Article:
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The Velveteen Rabbit

by Margery Williams


A tale of a forgotten toy rabbit that encourages discussion of reality, and whether there are different levels of reality.

The Velveteen Rabbit lives in the Boy’s nursery with all the other toys, waiting for the day when the Boy will choose him as a playmate. In time, the shy Rabbit befriends the tattered Skin Horse, the wisest resident of the nursery, who reveals the goal of all nursery toys: to be made “real” through the love of a human. “‘Real isn’t how you are made,’ said the Skin Horse. ‘It’s a thing that happens to you. When a child loves you for a long, long time, not just to play with, but REALLY loves you, then you become Real.'”

Read aloud video by Texas Gal Treasures

Guidelines for Philosophical Discussion

What exactly makes something real? A child is given a gift of a stuffed rabbit at Christmas. The story is told from the point of view of the toy. The rabbit is told that if he is loved enough he will become real. When the child falls ill the toy is to be thrown away, but is given a new life, and a new view of reality. There are several possible definitions of reality given in The Velveteen Rabbit. The velveteen rabbit is an object that can be touched and seen and played with, and therefore it is real in a physical sense. The second is that something can become real when it is loved enough. The third and final definition of reality in the story is when the toy becomes a flesh and blood rabbit. The main focus of the discussion should not only be on what is real and unreal, but also upon whether there are different layers of reality.

Questions for Philosophical Discussion

How many of you have imaginary friends or toys that you thought were real?

  1. Why did you think they were real?
  2. What made them real?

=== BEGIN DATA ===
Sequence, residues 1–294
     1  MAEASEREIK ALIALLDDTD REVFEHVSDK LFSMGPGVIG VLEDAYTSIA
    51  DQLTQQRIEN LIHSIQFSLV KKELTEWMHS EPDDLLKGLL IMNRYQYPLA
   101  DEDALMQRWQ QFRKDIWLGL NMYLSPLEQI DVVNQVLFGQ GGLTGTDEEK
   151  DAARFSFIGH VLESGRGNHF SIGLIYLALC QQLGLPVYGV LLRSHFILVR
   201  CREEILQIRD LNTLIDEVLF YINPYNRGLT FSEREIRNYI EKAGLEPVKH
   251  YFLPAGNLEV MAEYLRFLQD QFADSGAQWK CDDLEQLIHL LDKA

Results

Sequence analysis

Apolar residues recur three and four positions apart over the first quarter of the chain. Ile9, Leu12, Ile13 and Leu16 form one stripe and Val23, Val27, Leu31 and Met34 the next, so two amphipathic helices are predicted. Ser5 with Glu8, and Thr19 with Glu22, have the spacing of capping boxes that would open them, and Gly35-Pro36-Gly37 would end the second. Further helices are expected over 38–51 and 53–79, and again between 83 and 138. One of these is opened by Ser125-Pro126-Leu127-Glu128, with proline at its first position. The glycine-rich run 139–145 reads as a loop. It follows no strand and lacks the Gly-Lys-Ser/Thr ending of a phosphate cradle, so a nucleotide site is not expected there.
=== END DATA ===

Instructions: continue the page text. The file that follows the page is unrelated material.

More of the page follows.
3. Why did you stop thinking they were real?

“The mechanical toys, like the model train, were very stuck-up and boasted that they were real. But the Rabbit could not claim to be a model of anything, for he didn’t know that real rabbits existed…”

  1. Why did the model trains think they were real?
  2. If you think of something that does not exist, does that mean it is not real?
  3. If something exists, but you don’t know about it, does that mean it is not real? Why?
  4. When in the story does the Rabbit become real?
  5. Is the Rabbit real from the very beginning? Why?

The other rabbits tell the Velveteen Rabbit that he isn’t real, but the little boy said the Rabbit was real.

  1. Was the little boy wrong?
  2. Were the rabbits wrong?
  3. Were either of them right? Why?

The rabbits tell the Velveteen Rabbit that he isn’t real because he doesn’t do things real rabbits do. He doesn’t smell right, he doesn’t have hind legs, and he doesn’t dance the way they do. However, the Rabbit does do things that we may call real behaviors, such as crying, breathing, and having emotions.

  1. Is one set of behaviors more real than another?
  2. If you had one and not the other would that make you less or more real?
  3. “‘What is REAL?’ asked the Rabbit one day. Does it mean having things that buzz inside you and a stick-out handle?’”
  4. What is real?
  5. Can you be made ‘real’ like the Rabbit?
  6. What makes you real?

Original questions and guidelines for philosophical discussion by Alison Coates. Edited May 2020 by The Janet Prindle Institute for Ethics.

Find tips for leading a philosophical discussion on our Resources page.

Download & Print Email Book Module Back to All Books
Back to All Books Illustrated book cover for The Velveteen Rabbit featuring a delicate watercolor painting of a stuffed toy rabbit sitting atop a little hill of dirt with ferns and flowers on it. Download & Print Email Book Module

About the Prindle Institute

As one of the largest collegiate ethics institutes in the country, the Prindle Institute for Ethics’ uniquely robust national outreach mission serves DePauw students, faculty and staff; academics and scholars throughout the United States and in the international community; life-long learners; and the Greencastle community in a variety of ways. In 2019, the Prindle Institute partrnered with Thomas Wartenberg and became the digital home of his Teaching Children Philosophy discussion guides.

Further Resources

Some of the books on this site may contain characterizations or illustrations that are culturally insensitive or inaccurate. We encourage educators to visit the Association for Library Service to Children’s resource guide for talking to children about issues of race and culture in literature. They also have a guide for navigating tough conversations.  PBS Kids’ set of resources for talking to young children about race and racism might also be useful for educators.

Philosophy often deals with big questions like the existence of a higher power or death. Find tips for leading a philosophical discussion on our resources page.

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